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Framing of the economic crisis followed the same timeframe proposed by Hart and Tindall (2009). During the first several months of crisis, no change in policy language took place. The Prime Minister attempted to minimise the apparent severity of the crisis and ministers continued to frame welfare state transformation according to their own personal ideological beliefs. In other words, the business-as-usual type of crisis framing prevailed at that time in Latvia. The signs of a deepening crisis, which had started to pop up in official reports and the public sphere, were ignored. As the economic crisis continued, the framing began to change. The need to explain certain failures of the state, to justify cuts and to explain the economic crisis, forced politicians to make use of the other two economic-crisis framing types. It is possible to find both crisis-as-an-opportunity and crisis-as-a-threat framing types in the Latvian political communication of that time. The next stage in the development of the framing of the economic crisis came about when the new government of Valdis Dombrovkis was formed. Since then, the prevailing method ('an opportunity') of framing has not changed.

Furthermore, it was officially announced that the economic crisis was over in Spring 2010. Nevertheless, the economic crisis still played a crucial part in the political agenda and public debate until the elections in October 2011, since the consequences of the crisis and the liberalisation policy were

still present. This eighteen-month period displayed the most appealing results with regard to changes in economic crisis framing. The success at the Parliamentary elections was perceived as a legitimisation of policies by Dombrov-skis. As a result, the crisis-as-an-opportunity framing type began to prevail at all levels. Since then, the only policy language remaining has been the liberal welfare-state supportive superframe.

To conclude, during the economic crisis, the 'crisis-as-an-opportunity' framing type was not used most often to address the impact of the economic crisis on the welfare state in Latvia. It was predominant only at the very end of (and after) the economic crisis. Although this dismisses my hypothesis, the results still have several crucial implications. First of all, it suggests that Hart and Tindall typology is applicable to the cases of post-socialist states. It also demonstrates that speech acts and rhetoric, which were named as crucial features of economic crisis framing, were present in the communication of Latvian decision-makers. In other words, the theory is well applicable to the Latvian case, which is not self-evident (as the Baltic state is rather different historically, politically and socially from the Western countries analysed in the original study).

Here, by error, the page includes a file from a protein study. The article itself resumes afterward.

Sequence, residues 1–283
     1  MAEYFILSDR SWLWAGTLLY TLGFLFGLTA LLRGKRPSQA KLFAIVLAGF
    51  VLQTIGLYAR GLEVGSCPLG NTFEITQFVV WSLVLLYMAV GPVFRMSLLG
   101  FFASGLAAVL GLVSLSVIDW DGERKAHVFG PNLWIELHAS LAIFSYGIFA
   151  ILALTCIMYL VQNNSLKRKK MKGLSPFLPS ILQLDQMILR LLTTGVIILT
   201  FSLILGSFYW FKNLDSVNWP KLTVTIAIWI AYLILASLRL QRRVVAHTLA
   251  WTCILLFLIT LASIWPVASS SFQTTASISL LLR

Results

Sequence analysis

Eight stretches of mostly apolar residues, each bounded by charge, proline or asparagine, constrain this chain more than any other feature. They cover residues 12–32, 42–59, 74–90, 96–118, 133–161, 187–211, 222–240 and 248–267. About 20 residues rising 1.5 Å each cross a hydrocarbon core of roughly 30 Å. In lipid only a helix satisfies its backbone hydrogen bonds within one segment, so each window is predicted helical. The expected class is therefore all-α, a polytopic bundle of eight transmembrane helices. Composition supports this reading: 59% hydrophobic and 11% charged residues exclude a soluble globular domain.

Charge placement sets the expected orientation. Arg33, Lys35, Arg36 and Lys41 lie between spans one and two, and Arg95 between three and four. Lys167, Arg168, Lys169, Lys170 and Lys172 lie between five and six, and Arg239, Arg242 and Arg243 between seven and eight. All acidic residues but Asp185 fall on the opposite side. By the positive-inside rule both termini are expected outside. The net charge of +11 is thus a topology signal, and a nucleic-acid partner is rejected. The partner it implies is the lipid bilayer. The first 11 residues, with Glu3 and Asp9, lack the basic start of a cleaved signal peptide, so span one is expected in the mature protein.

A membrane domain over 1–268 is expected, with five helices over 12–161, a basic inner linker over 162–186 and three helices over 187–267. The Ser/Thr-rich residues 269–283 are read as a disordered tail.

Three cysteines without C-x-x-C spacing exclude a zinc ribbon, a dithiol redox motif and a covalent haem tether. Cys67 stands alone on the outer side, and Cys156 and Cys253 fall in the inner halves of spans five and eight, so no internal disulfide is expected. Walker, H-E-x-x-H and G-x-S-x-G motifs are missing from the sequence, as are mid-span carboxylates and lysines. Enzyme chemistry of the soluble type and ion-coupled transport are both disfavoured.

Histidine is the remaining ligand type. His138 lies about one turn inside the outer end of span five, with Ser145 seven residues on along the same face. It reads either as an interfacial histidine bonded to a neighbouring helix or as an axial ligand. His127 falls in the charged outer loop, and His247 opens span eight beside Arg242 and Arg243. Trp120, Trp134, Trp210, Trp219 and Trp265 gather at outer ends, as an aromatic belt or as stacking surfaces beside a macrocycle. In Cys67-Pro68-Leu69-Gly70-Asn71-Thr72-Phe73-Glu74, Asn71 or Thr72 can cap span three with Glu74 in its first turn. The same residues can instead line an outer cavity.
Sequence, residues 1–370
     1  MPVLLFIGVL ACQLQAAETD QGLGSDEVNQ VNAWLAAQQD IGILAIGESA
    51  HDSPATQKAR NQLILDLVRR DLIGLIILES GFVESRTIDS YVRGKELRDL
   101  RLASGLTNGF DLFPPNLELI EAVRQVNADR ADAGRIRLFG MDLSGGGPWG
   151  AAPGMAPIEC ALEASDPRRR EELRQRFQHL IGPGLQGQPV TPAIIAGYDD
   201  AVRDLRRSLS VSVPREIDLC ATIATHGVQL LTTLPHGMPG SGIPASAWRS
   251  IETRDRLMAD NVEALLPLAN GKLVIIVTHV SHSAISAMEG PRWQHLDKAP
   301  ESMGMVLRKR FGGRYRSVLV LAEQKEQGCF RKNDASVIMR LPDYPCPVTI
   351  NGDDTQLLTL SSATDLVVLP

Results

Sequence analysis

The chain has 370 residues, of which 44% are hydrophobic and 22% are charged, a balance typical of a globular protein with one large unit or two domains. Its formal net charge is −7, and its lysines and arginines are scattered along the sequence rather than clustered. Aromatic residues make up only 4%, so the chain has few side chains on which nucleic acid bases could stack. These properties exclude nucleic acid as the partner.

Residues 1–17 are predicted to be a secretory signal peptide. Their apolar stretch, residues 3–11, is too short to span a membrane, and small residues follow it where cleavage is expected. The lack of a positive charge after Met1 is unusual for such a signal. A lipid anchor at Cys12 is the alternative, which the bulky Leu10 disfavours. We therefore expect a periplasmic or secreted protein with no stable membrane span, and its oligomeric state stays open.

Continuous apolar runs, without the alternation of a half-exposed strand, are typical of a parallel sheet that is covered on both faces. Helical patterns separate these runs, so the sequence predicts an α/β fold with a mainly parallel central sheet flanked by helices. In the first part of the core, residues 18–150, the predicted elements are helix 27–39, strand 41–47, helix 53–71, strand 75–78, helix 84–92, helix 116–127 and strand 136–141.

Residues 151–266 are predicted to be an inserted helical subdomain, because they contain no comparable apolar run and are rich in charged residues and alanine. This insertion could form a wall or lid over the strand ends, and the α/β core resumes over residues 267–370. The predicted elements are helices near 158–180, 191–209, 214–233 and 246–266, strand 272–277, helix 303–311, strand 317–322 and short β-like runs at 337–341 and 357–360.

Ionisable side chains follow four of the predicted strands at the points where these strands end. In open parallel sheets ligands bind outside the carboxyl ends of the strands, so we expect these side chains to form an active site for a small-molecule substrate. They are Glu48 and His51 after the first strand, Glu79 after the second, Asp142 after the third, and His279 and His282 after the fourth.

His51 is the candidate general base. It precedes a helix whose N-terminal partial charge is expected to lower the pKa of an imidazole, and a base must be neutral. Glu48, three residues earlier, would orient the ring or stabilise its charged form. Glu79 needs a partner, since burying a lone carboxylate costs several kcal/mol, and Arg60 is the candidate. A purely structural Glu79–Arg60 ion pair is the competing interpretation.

To provide additional noteworthy features of the Latvian case, we also see a clear conflict between those decision makers who resisted policy change and those decision makers who encouraged it. The expectable thing to have in a democracy - an opposite view on policy-making - could have been seen also in different approaches to crisis framing to Latvians. Politicians reproducing 'universalist' rhetoric have also reproduced crisis as a threat rhetoric. Similarly, 'liberal' rhetoric had been clearly associated with a crisis as an opportunity framing. The way ideological or normative prepositions influence political communication seems to be one of the main research problems to have arisen from the evidence provided in this article. It is definitely a topic worthy of being studied in more depth in the future, both in relation to the Latvian case and also other countries affected by the economic crisis. Furthermore, it became clear that not only did members of the party in power and members of the opposition compete for the prevalence of one particular framing type (as in previous studies), but this same competition also played out within the governmental coalition itself. This finding suggests that future studies which use framing analysis as a tool should take into account the individual level in order to better understand the full complexity of the ideological and rational clashes which arise in accordance with the prevailing framing formation.

Finally, the empirical data showed the relevance of some theoretical assumptions regarding the framing of the economic crisis. First of all, the debate regarding the temporary and permanent nature of the reforms was on the political agenda in Latvia's case. However, the theory, which suggested changing the policy back to non-liberal if the rhetoric involved the argument of necessity, did not work in the case of Latvia. A successful electoral performance (immediately after the formal ending of the economic crisis) of the coalition parties predomi-

nantly using crisis as a threat had been used as a strong legitimacy claim for a further transformation of the welfare state in Latvia. Furthermore, framing the economic crisis management as a success story contributed to the 'crisis-as-an-opportunity' framing for years after the end of the economic crisis itself. As a result, the welfare state transformation continues. Thus, the final point to make about further research is the need for a deeper look into the interconnection between the political communication and social policy implementation.